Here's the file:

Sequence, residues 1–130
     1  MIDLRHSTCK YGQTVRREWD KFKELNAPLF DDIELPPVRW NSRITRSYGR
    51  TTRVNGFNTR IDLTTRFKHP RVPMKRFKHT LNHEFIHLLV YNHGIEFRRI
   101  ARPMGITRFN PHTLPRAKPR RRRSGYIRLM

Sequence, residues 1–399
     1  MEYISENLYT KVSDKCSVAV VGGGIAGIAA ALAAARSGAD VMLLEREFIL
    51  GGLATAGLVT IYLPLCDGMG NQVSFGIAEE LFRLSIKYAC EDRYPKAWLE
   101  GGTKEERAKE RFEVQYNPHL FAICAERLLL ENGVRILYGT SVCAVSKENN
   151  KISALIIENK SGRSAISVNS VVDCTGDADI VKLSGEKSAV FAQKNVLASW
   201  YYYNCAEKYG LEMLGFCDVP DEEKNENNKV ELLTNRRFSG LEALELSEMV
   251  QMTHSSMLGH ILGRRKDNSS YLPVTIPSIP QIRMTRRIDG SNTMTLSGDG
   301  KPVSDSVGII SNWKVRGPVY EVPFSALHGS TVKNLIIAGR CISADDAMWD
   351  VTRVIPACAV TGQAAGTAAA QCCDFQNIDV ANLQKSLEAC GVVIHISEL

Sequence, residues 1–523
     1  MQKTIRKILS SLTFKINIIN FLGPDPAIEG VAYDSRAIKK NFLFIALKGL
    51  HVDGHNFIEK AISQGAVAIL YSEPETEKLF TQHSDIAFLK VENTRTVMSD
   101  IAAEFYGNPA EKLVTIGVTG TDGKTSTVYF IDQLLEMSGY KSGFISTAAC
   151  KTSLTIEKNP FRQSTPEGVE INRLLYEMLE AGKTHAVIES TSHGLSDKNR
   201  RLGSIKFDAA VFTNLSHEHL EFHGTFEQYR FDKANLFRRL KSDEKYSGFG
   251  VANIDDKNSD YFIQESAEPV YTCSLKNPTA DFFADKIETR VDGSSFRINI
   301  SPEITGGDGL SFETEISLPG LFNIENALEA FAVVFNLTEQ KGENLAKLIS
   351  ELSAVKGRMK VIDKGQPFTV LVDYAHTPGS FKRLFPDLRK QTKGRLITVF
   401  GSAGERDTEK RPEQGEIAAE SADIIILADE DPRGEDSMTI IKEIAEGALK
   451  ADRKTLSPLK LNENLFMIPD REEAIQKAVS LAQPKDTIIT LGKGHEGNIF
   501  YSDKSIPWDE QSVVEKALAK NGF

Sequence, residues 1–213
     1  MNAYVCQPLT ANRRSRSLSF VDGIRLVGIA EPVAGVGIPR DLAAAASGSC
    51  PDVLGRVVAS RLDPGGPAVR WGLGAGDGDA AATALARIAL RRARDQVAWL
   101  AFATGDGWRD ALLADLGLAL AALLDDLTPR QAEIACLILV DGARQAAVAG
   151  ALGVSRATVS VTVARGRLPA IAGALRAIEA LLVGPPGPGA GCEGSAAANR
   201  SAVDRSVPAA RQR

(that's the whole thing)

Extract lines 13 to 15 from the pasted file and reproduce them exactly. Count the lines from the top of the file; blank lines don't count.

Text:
   351  VTRVIPACAV TGQAAGTAAA QCCDFQNIDV ANLQKSLEAC GVVIHISEL

Sequence, residues 1–523
     1  MQKTIRKILS SLTFKINIIN FLGPDPAIEG VAYDSRAIKK NFLFIALKGL